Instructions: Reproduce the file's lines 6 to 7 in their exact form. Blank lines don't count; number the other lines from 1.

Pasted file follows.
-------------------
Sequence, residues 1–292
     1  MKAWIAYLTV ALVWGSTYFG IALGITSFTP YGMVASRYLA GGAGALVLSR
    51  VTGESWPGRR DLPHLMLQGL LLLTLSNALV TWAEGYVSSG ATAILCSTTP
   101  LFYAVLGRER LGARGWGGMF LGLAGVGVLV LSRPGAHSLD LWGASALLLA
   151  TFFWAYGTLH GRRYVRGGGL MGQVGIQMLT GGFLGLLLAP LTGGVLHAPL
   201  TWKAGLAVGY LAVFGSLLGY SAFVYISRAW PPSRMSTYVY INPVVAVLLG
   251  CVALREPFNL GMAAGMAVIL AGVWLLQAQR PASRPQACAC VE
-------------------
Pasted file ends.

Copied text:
   201  TWKAGLAVGY LAVFGSLLGY SAFVYISRAW PPSRMSTYVY INPVVAVLLG
   251  CVALREPFNL GMAAGMAVIL AGVWLLQAQR PASRPQACAC VE